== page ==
Tools What problem am I trying to solve?

Seven Steps to Fixing Stalled To-Do Tasks

You need to understand my to-do list process before you read these steps. I strive for a daily inbox-zero task system, which means I can scrub the complete list in less than 10 minutes. The size of individual entries varies. Most can be completed in one work session, but others are project-like tasks where the to-do is the next logical step.

The never-ending question you must ask regarding whatever productivity system you’ve built is, “Does this system make you more productive?”

My first warning sign of being unproductive is when I sense I’m rescheduling more tasks than I’m completing. When I enter this state, I walk through the following list in my head for EVERY SINGLE ITEM ON MY TODAY’S LIST.

  1. Ask. Am I going to do this? Ask again if this is the 10th time you’ve deferred this task.
  2. Ask. Why is this important? Or why does this exist? What problem am I trying to solve?
  3. Ask. If I put it in the future, how guilty will I feel?
  4. Ask. What significant consequence occurs if I don’t complete this task?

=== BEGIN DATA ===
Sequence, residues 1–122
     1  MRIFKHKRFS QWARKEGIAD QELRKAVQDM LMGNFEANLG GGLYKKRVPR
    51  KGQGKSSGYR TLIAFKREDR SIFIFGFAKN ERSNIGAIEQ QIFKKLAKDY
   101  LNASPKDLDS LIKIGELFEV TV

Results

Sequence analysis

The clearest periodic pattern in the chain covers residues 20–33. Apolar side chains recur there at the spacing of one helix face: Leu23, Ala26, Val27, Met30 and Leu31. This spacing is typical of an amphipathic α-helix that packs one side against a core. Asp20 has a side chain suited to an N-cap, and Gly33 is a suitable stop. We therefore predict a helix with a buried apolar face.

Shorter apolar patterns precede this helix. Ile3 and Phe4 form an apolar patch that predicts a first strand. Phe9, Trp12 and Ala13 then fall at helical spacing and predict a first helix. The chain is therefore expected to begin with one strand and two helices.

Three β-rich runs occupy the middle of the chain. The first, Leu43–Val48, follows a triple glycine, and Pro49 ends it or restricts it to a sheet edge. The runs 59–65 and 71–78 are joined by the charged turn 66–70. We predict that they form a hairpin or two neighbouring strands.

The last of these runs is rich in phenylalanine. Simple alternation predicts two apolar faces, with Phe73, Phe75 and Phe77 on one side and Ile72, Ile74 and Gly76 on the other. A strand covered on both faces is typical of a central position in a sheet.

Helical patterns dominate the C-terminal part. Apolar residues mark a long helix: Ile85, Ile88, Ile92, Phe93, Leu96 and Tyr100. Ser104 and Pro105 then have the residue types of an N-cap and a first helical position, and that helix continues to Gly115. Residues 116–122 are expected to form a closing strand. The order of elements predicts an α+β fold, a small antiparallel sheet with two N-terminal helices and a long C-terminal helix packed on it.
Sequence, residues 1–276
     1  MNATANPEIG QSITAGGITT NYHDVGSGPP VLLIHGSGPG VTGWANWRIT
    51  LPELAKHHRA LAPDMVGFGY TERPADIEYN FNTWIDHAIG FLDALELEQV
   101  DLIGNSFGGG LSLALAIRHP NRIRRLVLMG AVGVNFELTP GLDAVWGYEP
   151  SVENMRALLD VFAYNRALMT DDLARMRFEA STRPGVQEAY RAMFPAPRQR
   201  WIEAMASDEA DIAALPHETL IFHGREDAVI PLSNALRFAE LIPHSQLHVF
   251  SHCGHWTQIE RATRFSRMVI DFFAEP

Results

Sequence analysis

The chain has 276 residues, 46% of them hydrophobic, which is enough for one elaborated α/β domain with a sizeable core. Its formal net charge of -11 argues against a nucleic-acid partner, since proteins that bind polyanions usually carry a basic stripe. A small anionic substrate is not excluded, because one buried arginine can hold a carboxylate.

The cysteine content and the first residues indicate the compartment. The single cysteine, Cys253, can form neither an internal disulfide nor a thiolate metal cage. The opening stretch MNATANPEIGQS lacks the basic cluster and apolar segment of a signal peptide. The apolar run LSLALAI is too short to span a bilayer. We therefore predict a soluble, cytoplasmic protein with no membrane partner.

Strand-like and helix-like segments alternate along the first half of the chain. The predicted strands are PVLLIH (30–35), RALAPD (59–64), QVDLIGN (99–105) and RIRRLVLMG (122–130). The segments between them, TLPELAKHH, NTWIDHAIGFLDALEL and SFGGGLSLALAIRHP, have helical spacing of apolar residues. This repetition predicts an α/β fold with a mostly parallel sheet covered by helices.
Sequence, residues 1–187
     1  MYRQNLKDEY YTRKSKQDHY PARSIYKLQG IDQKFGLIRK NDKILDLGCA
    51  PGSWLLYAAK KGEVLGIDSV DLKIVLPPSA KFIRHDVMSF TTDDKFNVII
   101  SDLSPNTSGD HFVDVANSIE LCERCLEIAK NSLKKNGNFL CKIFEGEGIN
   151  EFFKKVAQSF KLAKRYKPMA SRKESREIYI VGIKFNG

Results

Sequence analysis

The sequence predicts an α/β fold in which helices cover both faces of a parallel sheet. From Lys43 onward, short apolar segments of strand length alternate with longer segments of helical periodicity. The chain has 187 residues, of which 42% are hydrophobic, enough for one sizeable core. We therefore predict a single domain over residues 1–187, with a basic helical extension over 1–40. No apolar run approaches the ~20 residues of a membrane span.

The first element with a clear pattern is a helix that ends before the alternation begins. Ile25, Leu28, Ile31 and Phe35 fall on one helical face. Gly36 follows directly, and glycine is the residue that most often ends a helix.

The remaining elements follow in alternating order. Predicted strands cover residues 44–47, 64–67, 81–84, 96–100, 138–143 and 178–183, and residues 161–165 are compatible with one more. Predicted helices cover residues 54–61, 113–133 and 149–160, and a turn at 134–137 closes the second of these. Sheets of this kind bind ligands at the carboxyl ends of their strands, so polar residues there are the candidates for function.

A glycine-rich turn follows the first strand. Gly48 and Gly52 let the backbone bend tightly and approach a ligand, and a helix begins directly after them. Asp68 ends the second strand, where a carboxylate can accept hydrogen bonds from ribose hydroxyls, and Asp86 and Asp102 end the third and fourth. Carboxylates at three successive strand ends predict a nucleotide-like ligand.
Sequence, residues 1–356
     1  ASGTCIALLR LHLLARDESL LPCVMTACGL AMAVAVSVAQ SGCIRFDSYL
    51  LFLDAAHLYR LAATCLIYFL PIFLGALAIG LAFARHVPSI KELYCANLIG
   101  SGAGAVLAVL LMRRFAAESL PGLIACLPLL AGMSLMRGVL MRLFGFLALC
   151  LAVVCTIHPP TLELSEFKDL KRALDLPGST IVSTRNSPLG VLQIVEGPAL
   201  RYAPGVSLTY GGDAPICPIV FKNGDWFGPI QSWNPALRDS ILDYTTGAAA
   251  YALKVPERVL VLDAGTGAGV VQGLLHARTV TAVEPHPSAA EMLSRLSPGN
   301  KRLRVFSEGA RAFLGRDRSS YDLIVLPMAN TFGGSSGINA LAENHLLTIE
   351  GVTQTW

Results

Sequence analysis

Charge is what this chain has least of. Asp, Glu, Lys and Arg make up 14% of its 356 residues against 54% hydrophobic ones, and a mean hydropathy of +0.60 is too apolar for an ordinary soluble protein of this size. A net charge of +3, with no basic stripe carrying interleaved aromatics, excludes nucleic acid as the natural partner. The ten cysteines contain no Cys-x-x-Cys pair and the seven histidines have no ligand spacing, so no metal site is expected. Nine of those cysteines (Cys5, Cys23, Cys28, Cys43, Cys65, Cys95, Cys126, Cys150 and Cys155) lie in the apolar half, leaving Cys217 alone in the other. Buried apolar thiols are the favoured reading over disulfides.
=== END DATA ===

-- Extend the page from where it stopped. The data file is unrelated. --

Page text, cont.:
5. Discern. How many times have I punted this?
  6. Edit. Rewrite the task to describe the task in terms of the next achievable step.
  7. (Last resort) Mark it complete. Don’t think. Do.

DO NOT add tags, create projects, or create other to-do infrastructure to manage your to-dos better. This is procrastination disguised as productivity.

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4 Responses

  1. I wish todo solutions (in my case, Things) would show how many times you’ve rescheduled a task.

  2. Terry 5 months ago

    “do not add tags, create projects, or create other to-do infrastructure…”

    This sounds like you aren’t a fan of the Allen ‘GTD’ process, which has a lot of that infrastructure. If you’ve tried but discarded it, that would be a good read.

    I’ve sort-of used it for years, but lately been finding it creates a lot of busywork that masquerades as accomplishment, but not sure what would work better. (I felt it worked better in the past, not sure when things went off-track.)

  3. I’ve done the reschedule count for a time using tags and used variants of “best before date” to achieve something similar.

    The best option that worked for me was using a filter on the age (>365days) without tags: once a week / month you go through the filtered tasks and prune. Also great for occasionally repeating tasks and shared tasks and whether they still apply. If it’s still relevant, create a duplicate and delete the old one, to reset the best before date.